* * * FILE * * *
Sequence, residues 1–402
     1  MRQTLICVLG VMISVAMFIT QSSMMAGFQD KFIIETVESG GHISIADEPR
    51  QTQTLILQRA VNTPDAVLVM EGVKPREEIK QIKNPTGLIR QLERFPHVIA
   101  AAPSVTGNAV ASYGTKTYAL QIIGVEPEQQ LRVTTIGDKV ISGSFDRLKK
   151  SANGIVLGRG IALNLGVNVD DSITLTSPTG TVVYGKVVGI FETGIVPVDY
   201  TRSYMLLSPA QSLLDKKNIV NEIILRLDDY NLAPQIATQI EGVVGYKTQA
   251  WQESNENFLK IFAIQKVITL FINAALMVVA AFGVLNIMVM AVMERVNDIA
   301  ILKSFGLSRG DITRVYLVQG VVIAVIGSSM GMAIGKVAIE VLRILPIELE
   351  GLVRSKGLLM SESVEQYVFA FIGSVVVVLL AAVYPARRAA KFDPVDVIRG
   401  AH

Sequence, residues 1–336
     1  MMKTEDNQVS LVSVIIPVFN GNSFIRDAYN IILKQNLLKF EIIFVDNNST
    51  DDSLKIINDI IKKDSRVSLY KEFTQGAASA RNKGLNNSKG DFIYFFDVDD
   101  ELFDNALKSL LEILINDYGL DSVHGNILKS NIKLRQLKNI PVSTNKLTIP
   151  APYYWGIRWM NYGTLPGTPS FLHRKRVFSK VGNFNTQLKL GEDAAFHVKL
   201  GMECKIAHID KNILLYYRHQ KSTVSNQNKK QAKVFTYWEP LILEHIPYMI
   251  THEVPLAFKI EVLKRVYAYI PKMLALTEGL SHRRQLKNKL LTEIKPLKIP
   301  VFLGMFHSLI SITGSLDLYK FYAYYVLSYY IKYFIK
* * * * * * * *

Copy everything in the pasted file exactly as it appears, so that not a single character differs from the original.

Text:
Sequence, residues 1–402
     1  MRQTLICVLG VMISVAMFIT QSSMMAGFQD KFIIETVESG GHISIADEPR
    51  QTQTLILQRA VNTPDAVLVM EGVKPREEIK QIKNPTGLIR QLERFPHVIA
   101  AAPSVTGNAV ASYGTKTYAL QIIGVEPEQQ LRVTTIGDKV ISGSFDRLKK
   151  SANGIVLGRG IALNLGVNVD DSITLTSPTG TVVYGKVVGI FETGIVPVDY
   201  TRSYMLLSPA QSLLDKKNIV NEIILRLDDY NLAPQIATQI EGVVGYKTQA
   251  WQESNENFLK IFAIQKVITL FINAALMVVA AFGVLNIMVM AVMERVNDIA
   301  ILKSFGLSRG DITRVYLVQG VVIAVIGSSM GMAIGKVAIE VLRILPIELE
   351  GLVRSKGLLM SESVEQYVFA FIGSVVVVLL AAVYPARRAA KFDPVDVIRG
   401  AH

Sequence, residues 1–336
     1  MMKTEDNQVS LVSVIIPVFN GNSFIRDAYN IILKQNLLKF EIIFVDNNST
    51  DDSLKIINDI IKKDSRVSLY KEFTQGAASA RNKGLNNSKG DFIYFFDVDD
   101  ELFDNALKSL LEILINDYGL DSVHGNILKS NIKLRQLKNI PVSTNKLTIP
   151  APYYWGIRWM NYGTLPGTPS FLHRKRVFSK VGNFNTQLKL GEDAAFHVKL
   201  GMECKIAHID KNILLYYRHQ KSTVSNQNKK QAKVFTYWEP LILEHIPYMI
   251  THEVPLAFKI EVLKRVYAYI PKMLALTEGL SHRRQLKNKL LTEIKPLKIP
   301  VFLGMFHSLI SITGSLDLYK FYAYYVLSYY IKYFIK